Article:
North America 2013: Old friends in LA, new ones in Yosemite

Sorry for the delay! A while ago I mentioned I had quit my job to attempt something with a friend; we suddenly found ourselves with a lot of work, which has curtailed blogging a fair bit. I have an ever-growing list of non-travel posts to write, long and short, technical and otherwise, so future travel updates might be rather brief as I try and clear the slate first.

On to Los Angeles

One of the great pleasures of travelling… is meeting other travellers, who can then help you out on your next journey! And so it was; the year before in Patagonia I had met 3 Los Angeles residents: Kevin, understated but with immense resolve (hiking Patagonia while needing both knee and shoulder surgery) and one of the most thoroughly decent men you would ever meet; his friend and counterpoint Dan, ebullient and a brilliant (and constant) story teller; and a beautiful Czech lady with fascinating tales mixing old communist Czechoslovakia and modern Hollywood, Zdenka. A year later I was determined to catch up with all of them again, so despite the city itself having no other appeal to me at the time, it was my obvious next stop.

Dan was out of the country again, but it was great meeting Kevin again and spending more time with him, sharing another hike in the mountains behind LA. Then from suburbia outside LA (an hour and a half of freeway traffic outside, which just appears to be a standard commute), I spent a couple of days in the trendy-hippy beach towns of Venice/Santa Monica with Zdenka, seeing a completely different side of the area.

Yosemite

In so far as I had any plan for this trip, it was to spend roughly 2 months going East across Canada then back West across the US, seeing mostly cities, before touring as much of the amazing national parks on offer in America during my final month. To date I was on schedule, and in yet another display of generosity Kevin loaned me his truck. Swallowing my nerves about driving on the other side of the road—I’d overcome some fear in Alberta, but Californian freeways were another matter entirely—I made a last-minute hostel booking and drove 7 hours up to Yosemite.

The next day, the US Government Shutdown closed the national parks.

Ok, that was a slight exaggeration for dramatic effect. The reality is the next day I had a full day of hiking up to the (bone-dry) Yosemite Falls, where I had lunch overlooking the incredible valley view and watching crows joy-riding the thermal off the cliff edge.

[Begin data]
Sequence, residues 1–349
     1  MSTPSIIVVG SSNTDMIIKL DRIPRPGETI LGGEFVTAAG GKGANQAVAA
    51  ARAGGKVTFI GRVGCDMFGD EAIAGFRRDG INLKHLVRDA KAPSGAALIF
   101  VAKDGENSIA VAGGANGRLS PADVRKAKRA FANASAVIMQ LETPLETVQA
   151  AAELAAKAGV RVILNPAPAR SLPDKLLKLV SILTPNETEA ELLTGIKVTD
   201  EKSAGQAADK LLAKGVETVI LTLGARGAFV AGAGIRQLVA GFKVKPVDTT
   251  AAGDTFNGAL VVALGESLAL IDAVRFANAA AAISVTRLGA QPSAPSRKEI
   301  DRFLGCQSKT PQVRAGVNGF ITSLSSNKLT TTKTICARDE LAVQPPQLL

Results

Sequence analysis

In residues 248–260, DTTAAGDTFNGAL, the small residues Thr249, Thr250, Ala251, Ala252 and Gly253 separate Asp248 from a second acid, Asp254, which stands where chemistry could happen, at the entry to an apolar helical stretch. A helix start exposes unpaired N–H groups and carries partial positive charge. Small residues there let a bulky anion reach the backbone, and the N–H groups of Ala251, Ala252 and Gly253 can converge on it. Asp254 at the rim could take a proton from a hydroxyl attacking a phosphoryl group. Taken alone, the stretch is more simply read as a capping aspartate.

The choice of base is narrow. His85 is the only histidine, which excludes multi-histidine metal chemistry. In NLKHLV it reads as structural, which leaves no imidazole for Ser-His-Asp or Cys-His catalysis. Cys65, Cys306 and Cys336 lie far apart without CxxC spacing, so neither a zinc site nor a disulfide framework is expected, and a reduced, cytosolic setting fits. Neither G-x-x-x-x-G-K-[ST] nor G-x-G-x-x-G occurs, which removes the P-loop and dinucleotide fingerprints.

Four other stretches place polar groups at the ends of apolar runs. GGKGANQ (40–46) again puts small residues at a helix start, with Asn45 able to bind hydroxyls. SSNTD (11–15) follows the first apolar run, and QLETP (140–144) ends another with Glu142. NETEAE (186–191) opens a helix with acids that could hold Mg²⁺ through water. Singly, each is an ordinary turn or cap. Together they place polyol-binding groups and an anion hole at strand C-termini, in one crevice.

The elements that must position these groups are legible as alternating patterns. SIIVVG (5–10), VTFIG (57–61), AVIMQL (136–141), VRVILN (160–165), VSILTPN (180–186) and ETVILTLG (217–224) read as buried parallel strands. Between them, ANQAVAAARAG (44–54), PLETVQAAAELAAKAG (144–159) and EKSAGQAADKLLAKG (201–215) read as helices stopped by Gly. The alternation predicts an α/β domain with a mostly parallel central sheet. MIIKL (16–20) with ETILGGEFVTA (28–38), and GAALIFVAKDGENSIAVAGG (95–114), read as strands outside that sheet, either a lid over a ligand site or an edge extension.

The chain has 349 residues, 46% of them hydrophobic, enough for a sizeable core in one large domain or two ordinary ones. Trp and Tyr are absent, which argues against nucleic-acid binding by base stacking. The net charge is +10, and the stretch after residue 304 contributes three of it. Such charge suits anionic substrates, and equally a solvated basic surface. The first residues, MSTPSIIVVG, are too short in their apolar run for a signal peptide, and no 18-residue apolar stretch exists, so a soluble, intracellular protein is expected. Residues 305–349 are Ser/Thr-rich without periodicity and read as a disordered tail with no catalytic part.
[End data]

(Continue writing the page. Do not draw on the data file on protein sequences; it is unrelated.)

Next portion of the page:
The next day they really did close the parks. No-one had any idea what that was going to mean in practice however, so together with an Irish dorm-mate (are Irish ever not great travellers?) we drove in to try our luck. The ranger at the gate also seemed unclear what the shutdown entailed,1 but said we could go in “today”. From the sounds of it we just got lucky; others were supposedly turned away, while others were allowed in but later evicted by different rangers. This was a Tuesday, and at that time people expected things to be resolved by Thursday—no doubt the parties of the 6 weddings apparently planned inside the park that weekend were particularly hopeful, as well as the climbers with months-long camping plans who were being told to leave.

Still, we counted our blessings and enjoyed a much quieter hike to Vernal and Nevada Falls. There was no way I wasn’t taking advantage of any break—only the day before I’d optimistically paid for a year-long national-parks pass, and the chances of breaking even on my investment by visiting 4 parks were now looking rather slim.

politicians claiming it was necessary continued to draw their own salaries.

  1. Other than not being paid himself, of course, while the 

Mark Hepburn 18 March 2014
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